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Re: Converting GCC to compilation with C++
Ranjit Mathew wrote:
On Wed, 14 Jul 2004 09:20:16 +0200, Paolo Bonzini <email@example.com> wrote:
Much different, and much easier. We may get rid of GNU extensions in
C++ so that it can be built in stage1. Or, toplevel bootstrap will make
it significantly easier to provide a bootstrap target for people without
a C++ compiler, that does not build the Java front-end in stage2.
Either you're misunderstanding me or I am misunderstanding
What I meant was: why would a GCJ (Java) front-end in C++
be anything to cry hoarse over, when Ada already has
a non-C front-end?
He does not misunderstand, he is saying that a GCJ front end
in C++ is far less contentious from a build point of view than
GNAT in Ada, where it is impossible to build native from native
tools (it is in practice quite infeasible to build GNAT starting
with another Ada compiler, although it was originally bootstrapped
that way, and in any case, no one is going to buy an expensive
proprietary Ada compiler to try to do this, cross-compilation
is by far the easier rule.
There are really two issues here which are quite separate, and
it is helpful in this discussion to make it clear which you are
1. Build issue. Currently g++ can be built starting with native
(non-GCC) tools. Is it acceptable to compromise this guarantee?
If you answer no, then use of C++ has to be restricted to optional
passes, or other front ends.
2. Language issue. These are about concerns with maintainability
of C++ code. These can be addressed by a rigorous set of coding
standards rigorously enforced. I think pretty much everyone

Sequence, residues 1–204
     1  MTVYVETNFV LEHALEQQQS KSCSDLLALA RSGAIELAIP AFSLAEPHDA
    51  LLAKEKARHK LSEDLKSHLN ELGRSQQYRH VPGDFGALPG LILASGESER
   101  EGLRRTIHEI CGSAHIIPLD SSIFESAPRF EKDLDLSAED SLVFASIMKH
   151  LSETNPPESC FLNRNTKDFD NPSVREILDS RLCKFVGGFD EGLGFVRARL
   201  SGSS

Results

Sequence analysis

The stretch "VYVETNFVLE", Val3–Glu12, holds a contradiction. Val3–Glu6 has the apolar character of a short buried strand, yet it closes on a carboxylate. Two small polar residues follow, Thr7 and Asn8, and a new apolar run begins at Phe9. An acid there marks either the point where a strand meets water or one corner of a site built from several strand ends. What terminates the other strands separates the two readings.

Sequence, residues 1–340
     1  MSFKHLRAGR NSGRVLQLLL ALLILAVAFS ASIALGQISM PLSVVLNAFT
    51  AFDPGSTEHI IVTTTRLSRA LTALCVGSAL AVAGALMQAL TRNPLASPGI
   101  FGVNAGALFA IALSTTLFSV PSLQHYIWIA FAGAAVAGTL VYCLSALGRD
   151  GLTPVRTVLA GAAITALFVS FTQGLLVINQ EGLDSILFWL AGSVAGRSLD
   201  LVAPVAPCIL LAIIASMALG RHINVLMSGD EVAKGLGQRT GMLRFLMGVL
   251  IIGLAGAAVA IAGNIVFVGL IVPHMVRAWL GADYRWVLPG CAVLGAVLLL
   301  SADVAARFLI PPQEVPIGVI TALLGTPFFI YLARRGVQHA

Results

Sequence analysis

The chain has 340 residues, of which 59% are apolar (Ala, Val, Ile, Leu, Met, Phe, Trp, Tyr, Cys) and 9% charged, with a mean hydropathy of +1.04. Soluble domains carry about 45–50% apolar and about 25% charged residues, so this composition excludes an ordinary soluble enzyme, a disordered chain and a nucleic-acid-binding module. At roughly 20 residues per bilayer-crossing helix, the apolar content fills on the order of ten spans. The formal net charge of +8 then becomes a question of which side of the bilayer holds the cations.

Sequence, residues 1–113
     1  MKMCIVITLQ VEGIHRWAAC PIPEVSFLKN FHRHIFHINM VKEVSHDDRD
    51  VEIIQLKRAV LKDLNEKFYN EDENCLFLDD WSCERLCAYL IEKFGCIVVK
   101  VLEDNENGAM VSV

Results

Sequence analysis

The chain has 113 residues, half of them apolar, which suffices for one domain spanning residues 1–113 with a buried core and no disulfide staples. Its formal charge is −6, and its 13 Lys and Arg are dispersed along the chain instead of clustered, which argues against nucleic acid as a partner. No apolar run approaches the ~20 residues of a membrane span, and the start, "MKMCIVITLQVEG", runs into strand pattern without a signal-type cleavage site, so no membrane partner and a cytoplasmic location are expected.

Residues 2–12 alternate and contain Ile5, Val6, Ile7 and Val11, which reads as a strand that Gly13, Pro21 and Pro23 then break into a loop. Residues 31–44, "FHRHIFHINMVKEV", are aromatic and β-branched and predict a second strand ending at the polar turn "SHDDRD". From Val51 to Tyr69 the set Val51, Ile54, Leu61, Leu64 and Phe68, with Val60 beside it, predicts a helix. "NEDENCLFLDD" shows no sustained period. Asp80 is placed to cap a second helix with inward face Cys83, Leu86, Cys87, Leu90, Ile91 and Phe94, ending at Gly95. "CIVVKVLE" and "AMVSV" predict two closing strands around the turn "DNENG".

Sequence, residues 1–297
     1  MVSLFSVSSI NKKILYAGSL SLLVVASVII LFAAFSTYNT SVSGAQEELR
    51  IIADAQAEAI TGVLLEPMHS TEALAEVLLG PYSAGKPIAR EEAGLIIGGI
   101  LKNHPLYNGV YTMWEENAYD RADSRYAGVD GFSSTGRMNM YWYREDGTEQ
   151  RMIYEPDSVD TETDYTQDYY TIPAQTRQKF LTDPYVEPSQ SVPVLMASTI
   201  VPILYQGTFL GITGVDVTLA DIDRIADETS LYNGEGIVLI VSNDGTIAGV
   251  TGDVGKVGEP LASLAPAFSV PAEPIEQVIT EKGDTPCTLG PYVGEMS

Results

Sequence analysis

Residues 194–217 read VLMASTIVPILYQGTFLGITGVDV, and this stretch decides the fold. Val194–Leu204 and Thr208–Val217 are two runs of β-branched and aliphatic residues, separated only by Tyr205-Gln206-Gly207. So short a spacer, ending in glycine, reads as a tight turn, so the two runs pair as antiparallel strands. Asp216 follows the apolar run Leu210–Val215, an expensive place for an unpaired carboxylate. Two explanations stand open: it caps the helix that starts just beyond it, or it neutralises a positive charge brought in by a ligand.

agrees with this generality. After all it is pretty much the
case that a strict enough set of coding standards gets you
back to C. But there is definitely some disagreement on the
definition of the coding standards (e.g. MI in or out?)
If you look at GNAT, you have a situation where the native Build
issue has not been addressed at all. The only way to get a GNAT
compiler onto a new architecture is by cross-compilation. The
language issue has been addressed by only allowing a very limited
set of functionality in the GNAT front end. The motivations for
these limitations are three-fold. First, to avoid excessive
complexity and the "going bananas" phenomenon, which is possible,
though more difficult than in C++. Second, to keep things simple
in the bootstrap debugging area. Third, to avoid the compiler
depending on a large complex run-time, which can cause bootstrap
path problems when this run-time and its interface is modified.
I agree with the latter part of your reply though: there will
have to be a "stage4" where the newly built C++ compiler
builds the Java front-end, if that's what you meant.